Name: Nicodemus Mwangi
Location: Elburgon, Nakuru County, Kenya
Interviewed by: Cornelius Kasisi, & Chris Davey
Interview Date: 6/11/2015
How selected for interview
Nicodemus was identified as a very good committed beekeeper in the area by Baraka Agricultural College, Molo and the local Ministry of Agriculture staff. He was identified because of his passion for bees and beekeeping. He provides services to other beekeepers for a fee and is a local beekeeping researcher.
We talked to Nicodemus at his home near Elburgon. In the 1970s he lived (and kept bees) in Kericho. He learned beekeeping from the Ndorobos (a tribe dwelling in the nearby Mau forest), from an old man called Chelogoi who worked on his bees together with his wife, Tobandi.
Nicodemus came to Nakuru area in 1986 because of growing tribal tensions. He left his bees behind. He bought a shamba (small farm) in Elburgon.
Nicodemus began a farmers’ group, called Chesa Group, in 1996 in the Cheponde-Saptet communities. He was selected as the chairman of the group and guided them towards beekeeping. He paid a carpenter to make top bar hives in 1996 after copying the design from Baraka Agricultural College.
Nicodemus is not employed. Bees provide a large part of his income and he uses the sloping part of his land for his apiary. He started with nine hives and now has 24. He has three different types: Kenya top bar hives, Tanzanian top bar hives and traditional hives. Eventually he aims to have 40 hives.
He has fitted all his hives with queen excluders to ensure there is no pollen or brood in the honey; and to avoid mistakes if he falls ill and other beekeepers harvest honey for him. He promotes queen excluders to other beekeepers.
Nicodemus usually has good hive occupation rates but only half of his hives were occupied when we visited him. (The other 12 were empty because of the exceptionally dry season.) He plants trees to provide a better environment for his bees, and produces and sells avocado and passion fruit seedlings from his own tree nursery.
The Beekeeping Enterprise
We visited Nicodemus’ apiary in his eucalyptus trees. Beekeeping is his number one farm enterprise, and it makes money for him in several ways:
- He produces and sells about 150kgs of honey each year. (One kilogram of honey sells for Ksh.400Ksh i.e. €3.6.) He sells to several outlets (including the Eel Hotel in Elburgon and individuals in Mombasa). If he runs out of honey he buys from other beekeepers, and from Baraka College.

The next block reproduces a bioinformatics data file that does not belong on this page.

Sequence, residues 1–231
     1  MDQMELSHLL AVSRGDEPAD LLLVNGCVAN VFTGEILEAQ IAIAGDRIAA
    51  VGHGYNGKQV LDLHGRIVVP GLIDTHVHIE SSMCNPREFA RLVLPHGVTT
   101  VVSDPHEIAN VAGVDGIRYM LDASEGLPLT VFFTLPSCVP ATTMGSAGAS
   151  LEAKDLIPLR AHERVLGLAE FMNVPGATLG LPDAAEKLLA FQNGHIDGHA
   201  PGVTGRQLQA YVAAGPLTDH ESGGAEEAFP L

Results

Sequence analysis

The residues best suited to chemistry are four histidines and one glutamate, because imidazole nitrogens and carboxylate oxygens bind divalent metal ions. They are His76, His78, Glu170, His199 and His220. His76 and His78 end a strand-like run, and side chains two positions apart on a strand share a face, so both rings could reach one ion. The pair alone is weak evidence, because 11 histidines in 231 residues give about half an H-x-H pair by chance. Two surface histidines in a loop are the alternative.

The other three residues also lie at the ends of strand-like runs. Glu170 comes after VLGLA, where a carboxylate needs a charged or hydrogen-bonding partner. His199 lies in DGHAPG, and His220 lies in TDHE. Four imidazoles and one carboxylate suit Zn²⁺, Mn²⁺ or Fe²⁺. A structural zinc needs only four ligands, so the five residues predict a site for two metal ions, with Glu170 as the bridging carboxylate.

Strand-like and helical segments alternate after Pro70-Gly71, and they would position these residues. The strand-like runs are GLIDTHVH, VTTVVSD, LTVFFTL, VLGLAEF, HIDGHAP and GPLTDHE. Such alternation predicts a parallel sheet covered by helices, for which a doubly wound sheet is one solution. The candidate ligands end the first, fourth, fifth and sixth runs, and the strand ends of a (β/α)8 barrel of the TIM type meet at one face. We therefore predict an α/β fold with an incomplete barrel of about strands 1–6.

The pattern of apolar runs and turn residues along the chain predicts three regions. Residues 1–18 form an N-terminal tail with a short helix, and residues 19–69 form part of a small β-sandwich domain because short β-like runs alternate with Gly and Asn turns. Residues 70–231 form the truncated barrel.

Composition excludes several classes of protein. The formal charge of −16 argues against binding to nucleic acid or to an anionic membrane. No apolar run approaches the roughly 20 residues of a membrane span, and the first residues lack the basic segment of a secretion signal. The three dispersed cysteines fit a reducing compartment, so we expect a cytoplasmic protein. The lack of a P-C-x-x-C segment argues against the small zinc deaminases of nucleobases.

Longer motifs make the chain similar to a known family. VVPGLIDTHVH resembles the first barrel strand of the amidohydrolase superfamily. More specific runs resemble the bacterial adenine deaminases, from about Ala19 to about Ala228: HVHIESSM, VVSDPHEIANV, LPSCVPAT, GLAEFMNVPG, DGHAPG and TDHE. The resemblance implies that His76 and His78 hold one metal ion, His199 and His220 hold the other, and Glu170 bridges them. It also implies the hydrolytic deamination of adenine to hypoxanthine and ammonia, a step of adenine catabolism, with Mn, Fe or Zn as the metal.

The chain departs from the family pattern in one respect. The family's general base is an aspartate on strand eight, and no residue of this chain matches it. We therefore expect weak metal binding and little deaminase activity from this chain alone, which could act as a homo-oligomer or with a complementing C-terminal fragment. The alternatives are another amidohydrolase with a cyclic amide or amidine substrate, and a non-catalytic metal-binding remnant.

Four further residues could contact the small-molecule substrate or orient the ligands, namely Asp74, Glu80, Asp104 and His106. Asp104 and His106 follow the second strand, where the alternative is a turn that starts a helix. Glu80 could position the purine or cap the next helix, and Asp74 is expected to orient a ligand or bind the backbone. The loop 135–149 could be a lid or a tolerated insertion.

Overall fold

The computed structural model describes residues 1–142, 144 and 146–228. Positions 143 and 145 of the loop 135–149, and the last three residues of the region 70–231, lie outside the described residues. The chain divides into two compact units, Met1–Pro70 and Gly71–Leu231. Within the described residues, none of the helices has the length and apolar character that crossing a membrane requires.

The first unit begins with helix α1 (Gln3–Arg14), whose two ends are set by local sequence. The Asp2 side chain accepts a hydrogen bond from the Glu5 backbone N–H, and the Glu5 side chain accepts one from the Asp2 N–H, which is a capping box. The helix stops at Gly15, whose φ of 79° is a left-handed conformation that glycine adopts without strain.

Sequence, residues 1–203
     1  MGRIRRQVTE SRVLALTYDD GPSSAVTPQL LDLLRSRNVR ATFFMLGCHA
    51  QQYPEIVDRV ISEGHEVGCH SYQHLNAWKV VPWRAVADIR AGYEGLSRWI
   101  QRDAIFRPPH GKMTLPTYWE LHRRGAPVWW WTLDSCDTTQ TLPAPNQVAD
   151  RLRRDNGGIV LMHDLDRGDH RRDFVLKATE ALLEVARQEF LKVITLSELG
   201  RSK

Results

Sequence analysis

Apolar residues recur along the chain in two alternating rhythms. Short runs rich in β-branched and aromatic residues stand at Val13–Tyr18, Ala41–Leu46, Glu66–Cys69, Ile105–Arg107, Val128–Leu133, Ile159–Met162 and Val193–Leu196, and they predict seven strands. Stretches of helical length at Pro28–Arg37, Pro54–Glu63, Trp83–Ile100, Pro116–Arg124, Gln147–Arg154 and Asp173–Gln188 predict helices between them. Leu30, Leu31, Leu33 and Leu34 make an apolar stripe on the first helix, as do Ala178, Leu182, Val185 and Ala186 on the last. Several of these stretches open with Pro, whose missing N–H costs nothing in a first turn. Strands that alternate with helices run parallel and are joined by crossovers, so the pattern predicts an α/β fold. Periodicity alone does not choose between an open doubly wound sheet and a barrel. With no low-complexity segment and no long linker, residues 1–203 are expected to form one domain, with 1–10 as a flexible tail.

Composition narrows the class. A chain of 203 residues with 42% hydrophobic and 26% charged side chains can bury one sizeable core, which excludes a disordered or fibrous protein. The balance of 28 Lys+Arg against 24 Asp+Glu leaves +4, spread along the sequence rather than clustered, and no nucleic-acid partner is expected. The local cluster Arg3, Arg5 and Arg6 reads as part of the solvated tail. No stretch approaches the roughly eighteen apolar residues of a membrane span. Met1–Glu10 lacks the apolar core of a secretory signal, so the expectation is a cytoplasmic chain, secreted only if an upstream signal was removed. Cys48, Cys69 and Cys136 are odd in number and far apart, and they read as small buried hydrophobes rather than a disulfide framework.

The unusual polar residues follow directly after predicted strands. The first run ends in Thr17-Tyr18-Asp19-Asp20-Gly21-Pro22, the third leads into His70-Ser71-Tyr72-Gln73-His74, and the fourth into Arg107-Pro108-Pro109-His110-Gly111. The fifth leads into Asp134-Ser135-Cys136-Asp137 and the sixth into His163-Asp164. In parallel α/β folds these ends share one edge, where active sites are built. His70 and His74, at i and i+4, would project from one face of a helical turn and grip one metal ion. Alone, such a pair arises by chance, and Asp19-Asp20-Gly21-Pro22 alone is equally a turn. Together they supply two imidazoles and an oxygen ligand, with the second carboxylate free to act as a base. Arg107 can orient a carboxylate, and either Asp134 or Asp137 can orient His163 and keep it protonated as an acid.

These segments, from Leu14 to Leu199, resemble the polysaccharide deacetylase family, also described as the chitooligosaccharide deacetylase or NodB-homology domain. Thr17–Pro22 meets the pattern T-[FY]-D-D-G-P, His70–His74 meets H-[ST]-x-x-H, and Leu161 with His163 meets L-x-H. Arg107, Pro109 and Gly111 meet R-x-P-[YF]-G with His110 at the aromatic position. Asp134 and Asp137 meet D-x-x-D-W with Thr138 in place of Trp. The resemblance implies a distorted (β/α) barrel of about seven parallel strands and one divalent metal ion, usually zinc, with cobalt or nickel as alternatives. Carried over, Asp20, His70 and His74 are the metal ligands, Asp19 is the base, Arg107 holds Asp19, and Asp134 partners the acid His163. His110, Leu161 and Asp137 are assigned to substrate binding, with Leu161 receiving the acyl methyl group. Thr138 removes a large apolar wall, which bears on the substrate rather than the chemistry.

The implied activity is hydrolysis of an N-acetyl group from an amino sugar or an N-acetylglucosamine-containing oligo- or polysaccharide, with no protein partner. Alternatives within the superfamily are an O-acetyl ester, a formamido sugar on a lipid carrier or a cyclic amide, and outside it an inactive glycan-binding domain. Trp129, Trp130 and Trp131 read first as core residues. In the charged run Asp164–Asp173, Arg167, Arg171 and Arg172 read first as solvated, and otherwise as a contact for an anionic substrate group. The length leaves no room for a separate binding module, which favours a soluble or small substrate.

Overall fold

- He saves his beeswax, and adds value to it by cleaning it and by making and selling body cream.
- He makes money from harvesting honey for others for a fee (Ksh.300 per hive). There is no charge if there is no honey. If a customer has no cash, he receives payment in honey (about 1.25kg). He harvests honey for about 30 people/bee groups each season, travelling as far as Kiambu, Laikipia, Rongai, Nakuru and Molo, with clients paying his transport costs. People get to know of him by word of mouth. He explained “I’m good at harvesting, and people ask for me because I only harvest the ripe honey at the right time in the right season”. He doesn’t harvest in the rain and doesn’t harvest honey that contains pollen.
- He collects bee colonies from walls of homes and roofs for a fee.
- He makes and repairs hives. (He sells top bar hives at Ksh.3,000 each.)
- He trades honey, buying local honey and selling it to others.
Nicodemus has a bee suit, gloves and spare gloves, boots and a smoker. He wears a baseball hat under his veil so the peak keeps the bees away from his face. He says he has stopped using the smoker, except when training others.
Nicodemus also has a set of scales for weighing honey, and uses plastic containers for harvesting and storing honey.
There are three other people in the Chesa group who can harvest. Sometimes they work as a team, but the 15 other members still prefer Nicodemus. He can hold the torch as he harvests, so he is used to working by himself. He harvests when the honey is capped, in the evening when bees are calmer.
Nicodemus doesn’t sell all of his honey after harvesting it so that he can spread out his income over the year.
He also retains comb for himself. He doesn’t like the taste of honey but bites small pieces to give him strength during harvesting. First, he takes a lot ugali (a stiff porridge made from maize meal), then takes small pieces of honeycomb. He calls it his energy food.
Small ants are the most problematic pests in his area. He uses cow dung to seal the top bar hives, and puts ash around the stands. Rats also like bee hives so he checks and cleans his hives regularly.
Nicodemus believes that much of his success is due to his love of bees, and because he enjoys harvesting honey. He promotes beekeeping as a good business. (It contributed to his two children going to university.)
Key learning points
Nicodemus provides several lessons on what makes a successful beekeeper:
- He has specialised in beekeeping, and has gained a reputation as a “go to” person on bees and honey.
- He doesn’t fear bees; he “loves bees”. He is interested, committed, knowledgeable and confident in his beekeeping.
- Beekeeping (and being a farmer-trainer) has elevated his status in the community, and he is a role model.
- He treats beekeeping as a business.
- He makes money from beekeeping in many ways: from honey production and trading honey, to providing harvesting services and selling bee equipment.
- He adds value to beeswax.
- He conserves his local environment. He has planted a variety of trees on his farm, and has a nursery producing seedlings that are also good bee forage.
- He is a local bee researcher, experimenting and adopting new ideas. He uses queen excluders, tests different types of hives, and records production.